Natural genetic variation in yeast longevity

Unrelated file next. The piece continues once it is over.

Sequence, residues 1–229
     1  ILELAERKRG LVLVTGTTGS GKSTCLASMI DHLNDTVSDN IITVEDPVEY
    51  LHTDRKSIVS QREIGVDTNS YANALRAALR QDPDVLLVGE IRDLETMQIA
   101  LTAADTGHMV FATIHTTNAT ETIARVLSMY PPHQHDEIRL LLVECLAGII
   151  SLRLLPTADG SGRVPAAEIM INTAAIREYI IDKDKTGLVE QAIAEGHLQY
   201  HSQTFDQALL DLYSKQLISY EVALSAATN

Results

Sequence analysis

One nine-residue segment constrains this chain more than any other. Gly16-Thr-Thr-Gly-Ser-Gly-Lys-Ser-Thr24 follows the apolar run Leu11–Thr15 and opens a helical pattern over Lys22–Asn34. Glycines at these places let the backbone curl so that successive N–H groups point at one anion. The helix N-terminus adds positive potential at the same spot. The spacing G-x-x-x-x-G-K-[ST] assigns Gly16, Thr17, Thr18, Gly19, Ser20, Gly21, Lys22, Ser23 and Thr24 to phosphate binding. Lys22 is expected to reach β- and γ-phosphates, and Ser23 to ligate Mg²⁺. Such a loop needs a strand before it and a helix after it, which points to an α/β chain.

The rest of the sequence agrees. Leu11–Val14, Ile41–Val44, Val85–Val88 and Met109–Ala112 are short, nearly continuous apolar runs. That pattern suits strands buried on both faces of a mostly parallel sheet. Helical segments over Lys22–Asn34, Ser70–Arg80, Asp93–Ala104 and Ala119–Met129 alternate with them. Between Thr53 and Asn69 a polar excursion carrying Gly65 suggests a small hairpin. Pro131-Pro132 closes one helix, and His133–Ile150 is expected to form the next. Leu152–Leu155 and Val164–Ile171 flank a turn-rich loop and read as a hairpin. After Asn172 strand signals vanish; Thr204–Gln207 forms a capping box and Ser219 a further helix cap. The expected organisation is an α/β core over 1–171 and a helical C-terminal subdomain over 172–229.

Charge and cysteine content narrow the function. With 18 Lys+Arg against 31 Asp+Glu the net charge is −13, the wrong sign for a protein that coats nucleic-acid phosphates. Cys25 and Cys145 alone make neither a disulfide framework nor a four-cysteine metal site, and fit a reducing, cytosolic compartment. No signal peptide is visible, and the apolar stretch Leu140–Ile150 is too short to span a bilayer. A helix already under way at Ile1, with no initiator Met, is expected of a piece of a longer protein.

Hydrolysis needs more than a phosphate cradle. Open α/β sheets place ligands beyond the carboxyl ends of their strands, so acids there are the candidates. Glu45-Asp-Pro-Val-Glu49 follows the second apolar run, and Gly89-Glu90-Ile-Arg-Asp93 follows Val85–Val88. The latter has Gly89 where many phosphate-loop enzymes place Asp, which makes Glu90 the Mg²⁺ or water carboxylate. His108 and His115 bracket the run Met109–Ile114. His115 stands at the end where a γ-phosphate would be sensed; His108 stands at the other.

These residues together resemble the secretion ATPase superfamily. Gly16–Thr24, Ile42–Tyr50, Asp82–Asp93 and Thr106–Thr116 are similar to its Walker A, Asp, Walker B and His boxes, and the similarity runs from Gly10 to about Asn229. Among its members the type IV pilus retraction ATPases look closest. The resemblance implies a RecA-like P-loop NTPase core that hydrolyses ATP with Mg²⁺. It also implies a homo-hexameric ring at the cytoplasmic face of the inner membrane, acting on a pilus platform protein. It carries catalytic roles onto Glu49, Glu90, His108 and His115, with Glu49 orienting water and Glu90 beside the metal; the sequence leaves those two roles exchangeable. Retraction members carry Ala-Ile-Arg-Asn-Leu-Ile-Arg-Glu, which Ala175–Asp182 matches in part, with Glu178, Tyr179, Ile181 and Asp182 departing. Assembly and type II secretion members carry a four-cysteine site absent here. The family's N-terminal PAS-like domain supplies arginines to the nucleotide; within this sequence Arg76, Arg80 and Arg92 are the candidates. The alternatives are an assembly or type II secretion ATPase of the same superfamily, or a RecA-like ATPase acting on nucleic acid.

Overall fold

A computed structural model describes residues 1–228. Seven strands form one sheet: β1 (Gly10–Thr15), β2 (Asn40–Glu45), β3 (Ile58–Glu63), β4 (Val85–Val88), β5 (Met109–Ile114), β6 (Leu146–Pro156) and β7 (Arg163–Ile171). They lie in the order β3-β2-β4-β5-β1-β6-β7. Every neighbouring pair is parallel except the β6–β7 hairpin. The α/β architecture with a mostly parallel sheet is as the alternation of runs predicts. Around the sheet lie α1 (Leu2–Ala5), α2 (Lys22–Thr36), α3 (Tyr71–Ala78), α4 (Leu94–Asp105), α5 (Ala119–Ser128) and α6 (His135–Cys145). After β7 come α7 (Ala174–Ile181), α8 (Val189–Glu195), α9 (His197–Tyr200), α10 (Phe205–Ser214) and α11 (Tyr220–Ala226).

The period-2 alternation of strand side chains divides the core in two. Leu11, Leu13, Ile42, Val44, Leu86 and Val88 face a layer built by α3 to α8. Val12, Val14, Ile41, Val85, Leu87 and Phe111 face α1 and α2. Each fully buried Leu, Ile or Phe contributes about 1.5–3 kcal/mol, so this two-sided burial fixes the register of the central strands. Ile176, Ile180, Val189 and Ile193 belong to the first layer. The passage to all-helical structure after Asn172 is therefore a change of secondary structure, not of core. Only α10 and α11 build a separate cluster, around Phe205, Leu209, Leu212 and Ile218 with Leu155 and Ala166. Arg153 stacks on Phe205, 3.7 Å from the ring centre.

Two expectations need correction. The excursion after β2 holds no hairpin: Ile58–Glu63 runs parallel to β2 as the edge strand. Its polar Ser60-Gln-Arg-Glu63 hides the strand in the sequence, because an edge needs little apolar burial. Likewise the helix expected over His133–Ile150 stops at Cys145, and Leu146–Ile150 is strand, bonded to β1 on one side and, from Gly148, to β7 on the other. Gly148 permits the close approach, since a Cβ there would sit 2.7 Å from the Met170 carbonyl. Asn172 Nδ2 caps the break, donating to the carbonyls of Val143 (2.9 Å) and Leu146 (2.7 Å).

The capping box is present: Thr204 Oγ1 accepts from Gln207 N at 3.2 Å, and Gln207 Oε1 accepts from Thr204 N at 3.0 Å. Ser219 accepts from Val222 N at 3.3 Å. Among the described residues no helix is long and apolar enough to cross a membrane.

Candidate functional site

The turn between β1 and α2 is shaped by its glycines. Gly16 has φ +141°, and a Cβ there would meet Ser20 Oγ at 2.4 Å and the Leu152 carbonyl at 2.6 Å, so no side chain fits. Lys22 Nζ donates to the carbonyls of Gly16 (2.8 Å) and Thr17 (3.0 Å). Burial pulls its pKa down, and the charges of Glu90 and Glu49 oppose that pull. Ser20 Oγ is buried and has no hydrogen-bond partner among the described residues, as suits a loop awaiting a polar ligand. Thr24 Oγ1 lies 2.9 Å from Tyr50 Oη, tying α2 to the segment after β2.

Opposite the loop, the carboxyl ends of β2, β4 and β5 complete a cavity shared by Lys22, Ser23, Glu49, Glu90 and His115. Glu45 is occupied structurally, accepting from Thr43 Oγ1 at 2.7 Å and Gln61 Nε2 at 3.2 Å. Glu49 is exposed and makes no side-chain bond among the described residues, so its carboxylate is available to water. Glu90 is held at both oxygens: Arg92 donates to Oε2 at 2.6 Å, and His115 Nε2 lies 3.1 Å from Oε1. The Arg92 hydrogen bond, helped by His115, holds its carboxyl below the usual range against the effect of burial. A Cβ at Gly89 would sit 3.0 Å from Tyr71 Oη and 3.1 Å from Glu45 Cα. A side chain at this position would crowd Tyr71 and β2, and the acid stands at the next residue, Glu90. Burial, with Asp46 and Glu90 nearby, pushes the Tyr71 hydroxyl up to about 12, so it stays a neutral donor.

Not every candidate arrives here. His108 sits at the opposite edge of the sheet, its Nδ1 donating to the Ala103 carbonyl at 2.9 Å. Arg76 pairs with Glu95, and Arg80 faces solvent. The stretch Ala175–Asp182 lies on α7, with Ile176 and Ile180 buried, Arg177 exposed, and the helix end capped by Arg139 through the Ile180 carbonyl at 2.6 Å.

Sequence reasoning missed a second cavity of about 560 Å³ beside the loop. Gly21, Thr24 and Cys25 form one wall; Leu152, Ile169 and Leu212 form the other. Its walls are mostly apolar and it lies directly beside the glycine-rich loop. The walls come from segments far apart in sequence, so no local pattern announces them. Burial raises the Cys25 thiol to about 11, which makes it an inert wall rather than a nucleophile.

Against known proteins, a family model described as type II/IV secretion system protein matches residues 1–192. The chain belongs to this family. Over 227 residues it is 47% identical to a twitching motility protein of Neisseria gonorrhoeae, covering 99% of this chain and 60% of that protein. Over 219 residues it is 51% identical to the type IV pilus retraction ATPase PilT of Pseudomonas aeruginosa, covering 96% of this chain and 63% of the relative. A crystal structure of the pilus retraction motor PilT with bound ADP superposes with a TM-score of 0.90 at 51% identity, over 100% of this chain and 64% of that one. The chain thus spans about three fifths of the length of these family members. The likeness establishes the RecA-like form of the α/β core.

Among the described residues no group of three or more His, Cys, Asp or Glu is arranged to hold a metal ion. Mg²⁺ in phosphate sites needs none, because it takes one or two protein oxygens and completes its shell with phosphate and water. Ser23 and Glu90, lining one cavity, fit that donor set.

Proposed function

The genetics of aging in the yeast Saccharomyces cerevisiae has involved the manipulation of individual genes in laboratory strains. We have instituted a quantitative genetic analysis of the yeast replicative lifespan by sampling the natural genetic variation in a wild yeast isolate. Haploid segregants from a cross between a common laboratory strain (S288c) and a clinically derived strain (YJM145) were subjected to quantitative trait locus (QTL) analysis, using 3048 molecular markers across the genome. Five significant, replicative lifespan QTL were identified. Among them, QTL 1 on chromosome IV has the largest effect and contains SIR2, whose product differs by five amino acids in the parental strains. Reciprocal gene swap experiments showed that this gene is responsible for the majority of the effect of this QTL on lifespan. The QTL with the second-largest effect on longevity was QTL 5 on chromosome XII, and the bulk of the underlying genomic sequence contains multiple copies (100–150) of the rDNA. Substitution of the rDNA clusters of the parental strains indicated that they play a predominant role in the effect of this QTL on longevity. This effect does not appear to simply be a function of extrachromosomal ribosomal DNA circle production. The results support an interaction between SIR2 and the rDNA locus, which does not completely explain the effect of these loci on longevity. This study provides a glimpse of the complex genetic architecture of replicative lifespan in yeast and of the potential role of genetic variation hitherto unsampled in the laboratory.